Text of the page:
Douglas Corrigan, a dirt-poor flight jockey from Texas, was as different from the age’s flying hero, the austere Charles Lindbergh, as night was from day. But they were connected. In 1926, Corrigan was a mechanic with the Ryan Aeronautical Company in California when Lindbergh contacted Ryan about building a plane for a transatlantic flight. Corrigan wound up working on Lindbergh’s soon-to-be famous Spirit of St. Louis, and when word later reached Ryan’s flight team that Lindbergh had landed in Paris, Corrigan vowed that he too would one day make a transatlantic flight.
The odds were against him. The only plane he could afford was an old Curtiss Robin aircraft that was about to be sold for scrap. Corrigan bought it for $325 and fixed it up himself, but the plane was barely fit for cross-country travel, let alone transatlantic. Still, Corrigan made his first flight from California to New York in 1936 and, after making some alterations to the plane, applied for permission to fly a transatlantic route. He was denied, so back to California he went, where he continued working to make his plane fit for an ocean crossing.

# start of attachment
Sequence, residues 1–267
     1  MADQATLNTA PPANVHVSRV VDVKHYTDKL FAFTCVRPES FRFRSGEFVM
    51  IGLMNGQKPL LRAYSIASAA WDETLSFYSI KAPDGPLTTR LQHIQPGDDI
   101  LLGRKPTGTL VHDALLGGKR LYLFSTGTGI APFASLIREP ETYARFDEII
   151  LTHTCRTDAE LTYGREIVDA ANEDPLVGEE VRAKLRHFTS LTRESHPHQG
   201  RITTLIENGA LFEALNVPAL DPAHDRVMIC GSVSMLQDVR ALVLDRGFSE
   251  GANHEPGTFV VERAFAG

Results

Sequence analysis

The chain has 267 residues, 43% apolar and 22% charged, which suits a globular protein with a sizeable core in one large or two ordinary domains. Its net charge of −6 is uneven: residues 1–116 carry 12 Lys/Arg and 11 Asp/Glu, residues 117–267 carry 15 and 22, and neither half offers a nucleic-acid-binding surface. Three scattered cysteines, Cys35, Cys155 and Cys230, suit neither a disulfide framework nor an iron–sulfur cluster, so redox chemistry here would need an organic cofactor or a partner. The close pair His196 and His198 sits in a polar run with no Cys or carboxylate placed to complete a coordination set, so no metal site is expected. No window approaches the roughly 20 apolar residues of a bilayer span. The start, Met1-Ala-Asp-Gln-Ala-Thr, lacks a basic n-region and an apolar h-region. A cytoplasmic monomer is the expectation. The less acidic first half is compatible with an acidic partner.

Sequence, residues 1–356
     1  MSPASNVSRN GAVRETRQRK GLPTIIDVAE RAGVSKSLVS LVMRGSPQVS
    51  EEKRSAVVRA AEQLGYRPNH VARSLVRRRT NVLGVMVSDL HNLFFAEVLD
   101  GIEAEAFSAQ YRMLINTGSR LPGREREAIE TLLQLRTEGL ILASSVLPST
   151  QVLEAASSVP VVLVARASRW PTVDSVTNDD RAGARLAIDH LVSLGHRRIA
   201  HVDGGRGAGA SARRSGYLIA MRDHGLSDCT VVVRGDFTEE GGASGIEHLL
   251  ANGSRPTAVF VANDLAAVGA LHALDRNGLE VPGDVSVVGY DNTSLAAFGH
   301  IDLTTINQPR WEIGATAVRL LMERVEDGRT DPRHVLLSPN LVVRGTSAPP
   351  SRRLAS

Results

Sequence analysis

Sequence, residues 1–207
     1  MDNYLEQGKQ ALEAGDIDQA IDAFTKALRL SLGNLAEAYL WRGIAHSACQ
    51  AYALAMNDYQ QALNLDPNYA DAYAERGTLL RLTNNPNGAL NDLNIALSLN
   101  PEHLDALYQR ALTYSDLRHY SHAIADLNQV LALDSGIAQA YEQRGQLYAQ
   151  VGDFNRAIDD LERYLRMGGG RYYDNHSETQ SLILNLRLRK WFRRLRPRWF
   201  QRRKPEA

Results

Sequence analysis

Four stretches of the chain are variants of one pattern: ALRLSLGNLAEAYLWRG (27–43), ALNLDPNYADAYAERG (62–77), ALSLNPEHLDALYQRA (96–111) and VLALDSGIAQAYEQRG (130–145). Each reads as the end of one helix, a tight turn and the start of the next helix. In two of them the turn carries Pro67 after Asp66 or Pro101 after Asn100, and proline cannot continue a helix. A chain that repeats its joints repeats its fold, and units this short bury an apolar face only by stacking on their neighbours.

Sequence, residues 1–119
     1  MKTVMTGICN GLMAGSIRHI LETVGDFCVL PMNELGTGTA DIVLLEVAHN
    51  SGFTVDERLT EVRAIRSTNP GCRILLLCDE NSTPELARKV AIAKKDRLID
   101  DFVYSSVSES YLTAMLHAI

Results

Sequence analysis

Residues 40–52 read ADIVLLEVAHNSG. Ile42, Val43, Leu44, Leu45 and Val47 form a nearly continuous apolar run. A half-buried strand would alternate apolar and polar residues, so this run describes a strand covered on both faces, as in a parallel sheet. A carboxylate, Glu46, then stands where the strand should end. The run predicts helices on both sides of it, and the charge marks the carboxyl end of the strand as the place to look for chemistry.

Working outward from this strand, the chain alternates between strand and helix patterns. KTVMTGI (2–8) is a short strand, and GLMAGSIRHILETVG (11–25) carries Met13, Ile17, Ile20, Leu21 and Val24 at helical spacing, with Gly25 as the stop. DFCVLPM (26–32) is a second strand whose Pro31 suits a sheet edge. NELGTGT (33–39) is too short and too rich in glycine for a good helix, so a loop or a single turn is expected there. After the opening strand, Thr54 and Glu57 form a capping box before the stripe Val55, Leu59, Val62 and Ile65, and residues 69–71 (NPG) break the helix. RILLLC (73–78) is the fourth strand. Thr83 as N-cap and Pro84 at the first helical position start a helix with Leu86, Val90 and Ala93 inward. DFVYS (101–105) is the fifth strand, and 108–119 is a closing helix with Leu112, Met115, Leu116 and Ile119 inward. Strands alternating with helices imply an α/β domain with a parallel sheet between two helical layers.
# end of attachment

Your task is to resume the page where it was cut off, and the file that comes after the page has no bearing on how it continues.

Finally, in 1939, Corrigan again flew from California to New York and again filed for permission to continue on to Dublin, Ireland — Corrigan was Irish — but was again denied. One look at his plane, which had leaked gasoline on the flight to New York, convinced authorities that such an attempt would be suicide. Corrigan was told his only flight option was back to California, with frequent stops along the way.
And so this week (July 17) in 1938, Corrigan departed New York’s Floyd Bennett Field, ostensibly for California, when he made a sudden turn east and disappeared into a fogbank. Twenty-eight hours later Corrigan landed at Dublin’s Baldonnel Airport. His first words to authorities were, “I left New York yesterday for California, but I got mixed up in the clouds and must have flown the wrong way.” Corrigan claimed his compass had malfunctioned and fog had made it impossible to know which way he was heading.
Of course, no one believed him, but Corrigan’s daring, determination, luck and Irish charm — “That’s my story and I’m sticking to it” he told reporters with a grin — soon made him an international celebrity. “Wrong Way” Corrigan, as he was dubbed, was besieged by autograph seekers and well wishers, including famous Americans such as Henry Ford. When he returned to America weeks later, he was hailed as a hero and his flight became an aviation legend.
Corrigan died in 1995. Rumors abound that he finally admitted his “mistake” was on purpose, but no one has proved it and most (including me) refuse to believe it.